At the close of Johnson's trial, and in accordance with then-extant Circuit precedent, see, e.g., United States v. Molinares, 700 F.2d 647, 653 (C.A.11 1983), the District Judge instructed the jury that the element of materiality was a question for the judge to decide, and that he had determined that her statements were material. App. 72. Johnson did not object to this instruction. Indeed, when the prosecution had presented evidence concerning materiality during the trial, she had then objected, on the ground that materiality was a matter for the judge, and not the jury, to decide. Id., at 61. The jury returned a verdict of guilty, and Johnson was sentenced to 30 months' imprisonment, three years' supervised release, and a $30,000 fine.

After Johnson was convicted, but before her appeal to the Court of Appeals, we decided United States v. Gaudin, supra, which held that the materiality of a false statement must be submitted to the jury rather than decided by the trial judge. On her appeal, Johnson argued that the trial judge's failure to submit materiality to the jury rendered her conviction invalid under Gaudin.

Because Johnson had failed to object to the trial judge's deciding materiality, the Court of Appeals for the Eleventh Circuit reviewed for plain error. Rule 52(b) of the Federal Rules of Criminal Procedure provides:

"Plain Error. Plain errors or defects affecting substantial rights may be noticed although they were not brought to the attention of the Court.''

Following our analysis in United States v. Olano, 507 U.S. 725, 113 S.Ct. 1770, 123 L.Ed.2d 508 (1993), the Court of Appeals assumed arguendo that the District Court's failure to submit materiality to the jury constituted "error'' that was "clear or obvious,'' but concluded nonetheless that any such error did not affect the "substantial rights'' of the defendant. That conclusion was based on the court's independent review of the record and determination that there was "overwhelming'' evidence of materiality and that " [n]o reasonable juror could conclude that Johnson's false statements about the source of the money . . . were not material to the grand jury's investigation.'' App. to Pet. for Cert. 9a (judgment order reported at 82 F.3d 429 (C.A.11 1996)). Due to the conflict between this decision and the Ninth Circuit's en banc decision in United States v. Keys, 95 F.3d 874 (1996), we granted certiorari. 519 U.S. ----,...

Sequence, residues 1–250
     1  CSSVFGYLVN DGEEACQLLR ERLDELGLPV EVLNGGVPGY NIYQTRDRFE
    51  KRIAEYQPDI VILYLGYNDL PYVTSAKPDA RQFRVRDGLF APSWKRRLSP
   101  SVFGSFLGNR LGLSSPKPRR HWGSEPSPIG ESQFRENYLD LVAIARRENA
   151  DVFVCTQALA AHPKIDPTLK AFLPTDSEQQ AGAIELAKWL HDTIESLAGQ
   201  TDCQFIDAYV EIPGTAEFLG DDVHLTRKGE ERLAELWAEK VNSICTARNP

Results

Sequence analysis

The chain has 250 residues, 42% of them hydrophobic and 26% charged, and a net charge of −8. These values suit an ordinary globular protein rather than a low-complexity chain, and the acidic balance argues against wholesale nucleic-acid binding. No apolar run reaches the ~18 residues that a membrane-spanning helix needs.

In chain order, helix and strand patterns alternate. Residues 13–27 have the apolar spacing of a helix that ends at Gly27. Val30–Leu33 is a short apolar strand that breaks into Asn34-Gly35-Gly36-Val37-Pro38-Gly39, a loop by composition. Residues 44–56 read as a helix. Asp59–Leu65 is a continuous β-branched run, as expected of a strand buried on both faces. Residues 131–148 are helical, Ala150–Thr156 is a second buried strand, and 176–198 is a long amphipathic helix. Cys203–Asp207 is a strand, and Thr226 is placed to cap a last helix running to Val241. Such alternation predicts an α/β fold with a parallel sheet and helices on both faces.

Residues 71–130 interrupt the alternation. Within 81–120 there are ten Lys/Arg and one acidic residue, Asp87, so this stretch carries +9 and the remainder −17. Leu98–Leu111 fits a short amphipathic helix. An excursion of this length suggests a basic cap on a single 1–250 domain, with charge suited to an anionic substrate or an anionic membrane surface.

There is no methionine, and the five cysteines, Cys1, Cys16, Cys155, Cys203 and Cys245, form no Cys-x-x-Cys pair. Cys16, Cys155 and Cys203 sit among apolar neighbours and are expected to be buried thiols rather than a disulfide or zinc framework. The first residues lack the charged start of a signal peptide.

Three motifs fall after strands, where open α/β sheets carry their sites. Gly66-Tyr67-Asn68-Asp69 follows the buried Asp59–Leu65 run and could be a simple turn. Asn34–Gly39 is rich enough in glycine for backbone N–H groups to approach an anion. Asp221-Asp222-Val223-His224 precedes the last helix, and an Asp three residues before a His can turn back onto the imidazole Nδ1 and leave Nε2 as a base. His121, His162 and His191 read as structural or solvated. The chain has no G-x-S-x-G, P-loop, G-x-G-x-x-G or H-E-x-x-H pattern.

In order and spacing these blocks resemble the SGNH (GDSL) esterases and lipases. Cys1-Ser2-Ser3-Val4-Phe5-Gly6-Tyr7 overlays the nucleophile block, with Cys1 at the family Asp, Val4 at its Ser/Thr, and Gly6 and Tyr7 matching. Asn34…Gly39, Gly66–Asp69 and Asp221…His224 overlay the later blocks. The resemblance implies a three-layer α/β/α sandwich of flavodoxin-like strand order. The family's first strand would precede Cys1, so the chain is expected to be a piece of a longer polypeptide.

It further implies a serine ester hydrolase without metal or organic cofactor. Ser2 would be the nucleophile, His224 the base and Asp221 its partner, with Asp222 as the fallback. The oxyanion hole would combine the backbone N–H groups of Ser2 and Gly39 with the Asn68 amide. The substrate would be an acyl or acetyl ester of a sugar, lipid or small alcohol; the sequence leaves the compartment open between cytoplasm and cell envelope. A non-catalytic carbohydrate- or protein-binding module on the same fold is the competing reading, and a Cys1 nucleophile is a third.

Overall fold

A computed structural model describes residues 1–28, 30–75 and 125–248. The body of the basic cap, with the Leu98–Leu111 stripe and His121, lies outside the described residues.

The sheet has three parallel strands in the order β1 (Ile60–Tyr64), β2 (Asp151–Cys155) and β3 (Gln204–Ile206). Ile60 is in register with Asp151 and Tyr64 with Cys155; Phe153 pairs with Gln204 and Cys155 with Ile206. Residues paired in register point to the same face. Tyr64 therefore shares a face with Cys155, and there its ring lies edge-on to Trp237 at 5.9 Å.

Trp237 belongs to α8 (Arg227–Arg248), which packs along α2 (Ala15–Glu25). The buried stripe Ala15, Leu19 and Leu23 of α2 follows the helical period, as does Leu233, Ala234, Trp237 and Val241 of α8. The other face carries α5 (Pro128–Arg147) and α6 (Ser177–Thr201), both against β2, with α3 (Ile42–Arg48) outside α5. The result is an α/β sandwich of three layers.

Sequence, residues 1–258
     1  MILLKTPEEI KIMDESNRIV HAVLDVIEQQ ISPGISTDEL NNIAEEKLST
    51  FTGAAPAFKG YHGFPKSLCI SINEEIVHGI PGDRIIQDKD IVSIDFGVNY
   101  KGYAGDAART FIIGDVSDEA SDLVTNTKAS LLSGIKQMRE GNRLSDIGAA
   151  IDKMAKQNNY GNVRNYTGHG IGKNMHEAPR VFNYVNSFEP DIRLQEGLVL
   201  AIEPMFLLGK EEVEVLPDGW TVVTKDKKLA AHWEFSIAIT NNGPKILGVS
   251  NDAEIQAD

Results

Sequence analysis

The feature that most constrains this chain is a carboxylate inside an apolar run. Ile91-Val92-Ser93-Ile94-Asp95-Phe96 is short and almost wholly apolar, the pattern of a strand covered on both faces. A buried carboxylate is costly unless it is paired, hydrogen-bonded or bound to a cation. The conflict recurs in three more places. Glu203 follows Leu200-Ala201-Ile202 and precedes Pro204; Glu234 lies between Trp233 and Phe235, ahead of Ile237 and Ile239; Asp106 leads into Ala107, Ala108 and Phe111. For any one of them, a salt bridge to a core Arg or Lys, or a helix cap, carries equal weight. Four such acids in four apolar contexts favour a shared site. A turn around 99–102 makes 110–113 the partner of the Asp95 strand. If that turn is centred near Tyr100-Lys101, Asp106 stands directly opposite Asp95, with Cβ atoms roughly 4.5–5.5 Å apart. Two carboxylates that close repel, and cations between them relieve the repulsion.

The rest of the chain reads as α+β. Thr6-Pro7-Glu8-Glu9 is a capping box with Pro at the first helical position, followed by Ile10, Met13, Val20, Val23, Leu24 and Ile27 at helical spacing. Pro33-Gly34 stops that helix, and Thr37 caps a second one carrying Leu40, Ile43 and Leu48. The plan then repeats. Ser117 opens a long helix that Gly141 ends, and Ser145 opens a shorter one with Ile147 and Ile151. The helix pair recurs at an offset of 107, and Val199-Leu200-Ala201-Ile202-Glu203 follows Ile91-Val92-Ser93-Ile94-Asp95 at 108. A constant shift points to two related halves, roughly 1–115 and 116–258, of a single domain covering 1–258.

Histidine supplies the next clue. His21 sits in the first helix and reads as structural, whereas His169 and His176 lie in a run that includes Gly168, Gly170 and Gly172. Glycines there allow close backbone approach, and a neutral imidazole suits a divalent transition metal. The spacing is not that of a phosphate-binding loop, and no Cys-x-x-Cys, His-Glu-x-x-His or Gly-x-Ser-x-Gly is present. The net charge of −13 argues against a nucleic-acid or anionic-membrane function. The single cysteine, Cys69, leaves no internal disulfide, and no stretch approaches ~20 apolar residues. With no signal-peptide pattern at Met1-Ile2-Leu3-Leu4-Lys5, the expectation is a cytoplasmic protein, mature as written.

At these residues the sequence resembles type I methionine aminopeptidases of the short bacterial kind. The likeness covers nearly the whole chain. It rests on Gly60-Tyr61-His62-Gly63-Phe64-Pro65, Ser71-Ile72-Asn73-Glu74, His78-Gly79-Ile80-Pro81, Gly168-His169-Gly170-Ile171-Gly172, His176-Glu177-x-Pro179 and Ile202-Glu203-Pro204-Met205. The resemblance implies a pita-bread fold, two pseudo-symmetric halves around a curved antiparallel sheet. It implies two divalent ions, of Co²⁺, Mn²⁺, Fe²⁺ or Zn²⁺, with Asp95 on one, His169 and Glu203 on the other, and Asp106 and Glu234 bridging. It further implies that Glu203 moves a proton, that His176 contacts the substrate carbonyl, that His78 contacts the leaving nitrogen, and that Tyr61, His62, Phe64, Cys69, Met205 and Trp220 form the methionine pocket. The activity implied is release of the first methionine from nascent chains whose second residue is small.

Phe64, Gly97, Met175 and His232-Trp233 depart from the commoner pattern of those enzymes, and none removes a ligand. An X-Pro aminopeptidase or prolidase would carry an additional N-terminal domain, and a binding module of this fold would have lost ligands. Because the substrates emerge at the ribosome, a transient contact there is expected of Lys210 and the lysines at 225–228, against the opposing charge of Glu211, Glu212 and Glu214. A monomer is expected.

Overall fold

To continue reading

Request your trial
2859 practice notes
  • U.S. v. Garcia, Docket No. 03-1407-CR(L).
    • United States
    • U.S. Court of Appeals — Second Circuit
    • June 21, 2005
    ...error in this case that is now plain. See United States v. Williams, 399 F.3d 450, 460 (2d Cir.2005); see also Johnson v. United States, 520 U.S. 461, 468, 117 S.Ct. 1544, 137 L.Ed.2d 718 (1997) (holding that "it is enough that an error be `plain' at the time of appellate consideration"). F......
  • United States v. McArthur, No. 14–3335
    • United States
    • U.S. Court of Appeals — Eighth Circuit
    • September 8, 2016
    ...Court decided Rosemond after McArthur's trial, we apply the case retroactively to cases on direct review. Johnson v. United States , 520 U.S. 461, 467, 117 S.Ct. 1544, 137 L.Ed.2d 718 (1997). But because McArthur did not object in the district court to the instructions he now challenges, we......
  • U.S. v. Dedman, No. 06-6124.
    • United States
    • United States Courts of Appeals. United States Court of Appeals (6th Circuit)
    • May 29, 2008